Student-Loan Companies May Be ‘Unlawfully Collecting’ Your Debt: CFPB

  • A federal consumer watchdog warned that student-loan companies might be “unlawfully collecting” debt. 
  • It’s referring to a borrower perhaps getting billed even if they’ve discharged their debt through bankruptcy.
  • Companies have been accused of taking advantage of confusion surrounding the bankruptcy process.

President Joe Biden’s top consumer watchdog wants to bust the “myth” that student loans cannot be discharged through bankruptcy — while warning borrowers about bad practices by student-loan companies when it comes to loan forgiveness.

On Tuesday, the Consumer Financial Protection Bureau (CFPB) published a blog post outlining the process for getting rid of student debt in bankruptcy court, and the challenges that accompany doing so. Specifically, the bureau wrote that while it is possible for borrowers with private student loans to succeed in bankruptcy court, not only is the process difficult to understand, but student-loan companies have been accused of violating discharge orders and “unlawfully collecting” debt, raising “serious concerns.”

“Regrettably, complaints submitted to the CFPB suggest that some of these companies might be making false statements to borrowers about the protections bankruptcy offers—or worse, even collecting on debts that have already been discharged by a bankruptcy judge,” the blog said.

“Collecting on debts that have been discharged through bankruptcy might not only violate the Consumer Financial Protection Act’s prohibition on unfair, deceptive, and abusive practices—it could also violate the order of a United States bankruptcy judge,” it added.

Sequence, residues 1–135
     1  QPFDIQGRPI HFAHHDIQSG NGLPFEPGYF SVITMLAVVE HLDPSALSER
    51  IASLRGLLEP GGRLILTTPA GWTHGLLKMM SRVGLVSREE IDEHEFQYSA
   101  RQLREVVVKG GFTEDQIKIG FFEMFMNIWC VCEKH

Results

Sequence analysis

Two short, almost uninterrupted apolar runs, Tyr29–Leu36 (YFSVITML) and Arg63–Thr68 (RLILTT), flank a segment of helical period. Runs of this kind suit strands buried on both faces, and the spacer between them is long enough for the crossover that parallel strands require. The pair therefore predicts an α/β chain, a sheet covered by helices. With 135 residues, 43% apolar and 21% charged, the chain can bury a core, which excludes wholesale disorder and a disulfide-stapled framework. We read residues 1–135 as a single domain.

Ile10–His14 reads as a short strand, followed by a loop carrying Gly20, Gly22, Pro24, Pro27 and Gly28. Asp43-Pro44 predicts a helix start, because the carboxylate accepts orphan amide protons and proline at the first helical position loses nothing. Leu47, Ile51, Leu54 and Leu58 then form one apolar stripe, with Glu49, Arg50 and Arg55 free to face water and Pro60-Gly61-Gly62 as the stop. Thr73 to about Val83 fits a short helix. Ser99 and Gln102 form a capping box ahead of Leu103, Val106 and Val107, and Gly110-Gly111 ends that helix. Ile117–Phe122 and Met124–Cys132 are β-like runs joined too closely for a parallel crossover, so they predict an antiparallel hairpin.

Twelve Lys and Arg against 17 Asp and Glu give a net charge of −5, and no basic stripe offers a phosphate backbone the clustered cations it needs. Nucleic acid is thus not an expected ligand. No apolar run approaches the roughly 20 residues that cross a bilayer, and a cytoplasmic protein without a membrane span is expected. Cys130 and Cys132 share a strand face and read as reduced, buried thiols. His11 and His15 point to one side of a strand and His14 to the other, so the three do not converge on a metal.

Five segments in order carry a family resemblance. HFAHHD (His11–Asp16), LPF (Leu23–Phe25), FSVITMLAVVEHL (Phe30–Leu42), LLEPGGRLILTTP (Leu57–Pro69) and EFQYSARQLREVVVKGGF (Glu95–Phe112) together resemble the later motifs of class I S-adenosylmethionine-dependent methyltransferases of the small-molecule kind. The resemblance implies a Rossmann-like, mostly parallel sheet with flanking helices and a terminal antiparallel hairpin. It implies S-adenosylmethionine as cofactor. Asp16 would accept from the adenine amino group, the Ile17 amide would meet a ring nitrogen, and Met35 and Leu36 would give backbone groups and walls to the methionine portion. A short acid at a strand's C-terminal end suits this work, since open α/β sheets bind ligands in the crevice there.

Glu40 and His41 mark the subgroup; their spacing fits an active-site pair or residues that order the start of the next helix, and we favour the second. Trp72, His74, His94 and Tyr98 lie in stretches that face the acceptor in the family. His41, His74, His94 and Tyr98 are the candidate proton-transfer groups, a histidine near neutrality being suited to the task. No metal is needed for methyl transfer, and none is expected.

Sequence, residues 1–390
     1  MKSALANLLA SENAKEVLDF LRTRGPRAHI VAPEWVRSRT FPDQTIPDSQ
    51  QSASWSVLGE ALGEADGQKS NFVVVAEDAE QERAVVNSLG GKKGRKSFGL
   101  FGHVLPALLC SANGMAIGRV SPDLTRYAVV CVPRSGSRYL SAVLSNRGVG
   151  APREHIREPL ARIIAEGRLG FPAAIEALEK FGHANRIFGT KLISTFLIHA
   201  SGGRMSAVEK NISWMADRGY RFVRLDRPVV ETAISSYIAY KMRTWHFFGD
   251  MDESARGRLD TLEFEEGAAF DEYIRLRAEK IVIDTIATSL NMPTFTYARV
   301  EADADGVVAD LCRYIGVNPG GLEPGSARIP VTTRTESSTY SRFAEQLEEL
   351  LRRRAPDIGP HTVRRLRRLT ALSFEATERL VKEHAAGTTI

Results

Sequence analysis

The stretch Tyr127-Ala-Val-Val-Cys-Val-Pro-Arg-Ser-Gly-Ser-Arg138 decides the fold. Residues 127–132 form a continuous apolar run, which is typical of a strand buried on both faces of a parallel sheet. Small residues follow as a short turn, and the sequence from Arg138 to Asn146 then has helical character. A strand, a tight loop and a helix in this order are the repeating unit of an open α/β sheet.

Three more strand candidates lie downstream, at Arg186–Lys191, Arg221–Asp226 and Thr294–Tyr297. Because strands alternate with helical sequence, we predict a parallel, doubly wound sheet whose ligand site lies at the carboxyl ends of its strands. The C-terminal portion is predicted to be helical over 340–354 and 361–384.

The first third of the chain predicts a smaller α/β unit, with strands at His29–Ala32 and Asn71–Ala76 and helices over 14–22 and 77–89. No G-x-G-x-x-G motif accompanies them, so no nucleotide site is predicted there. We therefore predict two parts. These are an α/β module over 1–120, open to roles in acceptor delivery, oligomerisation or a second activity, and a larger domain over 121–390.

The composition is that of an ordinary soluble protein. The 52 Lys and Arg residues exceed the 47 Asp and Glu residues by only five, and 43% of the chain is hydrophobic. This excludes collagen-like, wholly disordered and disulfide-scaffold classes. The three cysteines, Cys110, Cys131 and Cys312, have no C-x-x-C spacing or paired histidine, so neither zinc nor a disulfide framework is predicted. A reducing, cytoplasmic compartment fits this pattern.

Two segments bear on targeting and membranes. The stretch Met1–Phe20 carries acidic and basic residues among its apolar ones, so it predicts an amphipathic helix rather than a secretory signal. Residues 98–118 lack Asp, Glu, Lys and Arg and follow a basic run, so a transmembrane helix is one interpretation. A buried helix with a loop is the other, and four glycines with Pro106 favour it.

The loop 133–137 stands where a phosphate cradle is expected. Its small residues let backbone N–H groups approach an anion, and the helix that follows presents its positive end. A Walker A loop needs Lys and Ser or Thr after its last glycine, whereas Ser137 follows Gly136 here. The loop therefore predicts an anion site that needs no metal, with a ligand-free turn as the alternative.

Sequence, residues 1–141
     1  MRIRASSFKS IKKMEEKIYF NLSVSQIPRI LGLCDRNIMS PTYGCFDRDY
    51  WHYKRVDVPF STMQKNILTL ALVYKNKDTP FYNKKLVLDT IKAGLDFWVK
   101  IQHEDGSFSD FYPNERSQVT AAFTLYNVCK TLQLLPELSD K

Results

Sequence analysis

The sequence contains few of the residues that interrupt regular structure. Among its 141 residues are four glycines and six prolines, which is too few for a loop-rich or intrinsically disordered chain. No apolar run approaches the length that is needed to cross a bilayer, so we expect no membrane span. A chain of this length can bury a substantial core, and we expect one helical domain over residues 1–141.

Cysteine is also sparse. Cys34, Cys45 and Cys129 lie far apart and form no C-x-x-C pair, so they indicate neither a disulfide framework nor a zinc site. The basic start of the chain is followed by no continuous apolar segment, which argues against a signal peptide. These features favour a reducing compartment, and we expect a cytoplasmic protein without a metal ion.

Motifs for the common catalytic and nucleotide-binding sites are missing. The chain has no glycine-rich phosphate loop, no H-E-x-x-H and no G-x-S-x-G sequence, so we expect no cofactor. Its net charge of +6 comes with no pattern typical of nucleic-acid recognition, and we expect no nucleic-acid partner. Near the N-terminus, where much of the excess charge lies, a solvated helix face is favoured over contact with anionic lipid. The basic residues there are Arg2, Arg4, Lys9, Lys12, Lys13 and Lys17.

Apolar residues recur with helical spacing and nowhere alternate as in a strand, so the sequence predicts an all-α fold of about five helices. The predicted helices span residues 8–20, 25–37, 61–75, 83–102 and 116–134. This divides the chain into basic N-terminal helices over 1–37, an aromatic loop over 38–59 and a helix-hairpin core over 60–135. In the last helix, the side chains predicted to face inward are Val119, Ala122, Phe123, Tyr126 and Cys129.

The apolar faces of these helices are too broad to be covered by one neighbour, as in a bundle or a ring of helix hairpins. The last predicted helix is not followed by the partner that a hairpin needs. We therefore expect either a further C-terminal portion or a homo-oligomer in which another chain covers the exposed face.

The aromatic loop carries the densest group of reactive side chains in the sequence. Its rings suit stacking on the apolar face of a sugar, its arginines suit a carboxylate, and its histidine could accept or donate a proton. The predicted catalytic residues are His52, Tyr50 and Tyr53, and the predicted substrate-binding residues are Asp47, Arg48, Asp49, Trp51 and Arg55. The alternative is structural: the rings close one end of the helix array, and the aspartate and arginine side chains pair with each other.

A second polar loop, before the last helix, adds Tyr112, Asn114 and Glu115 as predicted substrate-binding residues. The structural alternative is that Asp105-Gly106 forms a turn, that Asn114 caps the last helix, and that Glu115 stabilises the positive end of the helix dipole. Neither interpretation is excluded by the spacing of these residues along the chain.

For a borrower to get rid of their debt in bankruptcy court, they must meet the undue hardship standard, which requires them to prove that they cannot maintain a minimal standard of living, their circumstances will likely not improve, and they have made a good-faith effort in repaying their debt. In 2005, that standard was extended to private student-loan borrowers, expanding the scope of those who would have to face stricter requirements in court.

Since then, as the CFPB noted, consumers have complained about the process. For example, one consumer wrote to the bureau that although their loans were discharged in court, their student-loan company has continued to collect monthly payments under the argument their loans were not eligible for discharge.

If you think you have been wrongfully billed for loans, the bureau recommended documenting how much you have paid since bankruptcy discharge, saving any documents pertaining to the loan and the bankruptcy, and filing complaints to the CFPB regarding your situation.

The CFPB will “closely scrutinize” bad behavior by student-loan companies

The Student Borrower Protection Center (SBPC) found in January that 2.6 million student-loan borrowers could have gotten rid of their debt through bankruptcy, but “predatory tactics” by private loan companies were blocking them from doing so. 

That finding prompted Senate Majority Whip Dick Durbin to lead some of his colleagues in sending a letter to the CFPB to learn how the agency was planning to hold those companies accountable, and the bureau’s director Rohit Chopra vowed to strengthen oversight in a letter back to Durbin obtained by Insider.

“I am deeply concerned that borrowers are burdened by decades-old private student loan debt and potentially unlawful collection efforts,” Chopra said. “I have directed CFPB staff to closely scrutinize these issues, including whether companies are making false representations.”

Chopra added that the SBPC’s findings “raise concerns” about abuses to the bankruptcy system, and the bureau will use its authority to “protect borrowers being deprived of relief they have received through bankruptcy discharge or misled about the protections they are entitled to under the law.”

More recently, Durbin called on Education Secretary Miguel Cardona to reform the “unnecessary high bar” student-loan borrowers have to clear in court, and he’s waiting to see where the Education Department stands on any upcoming reforms.

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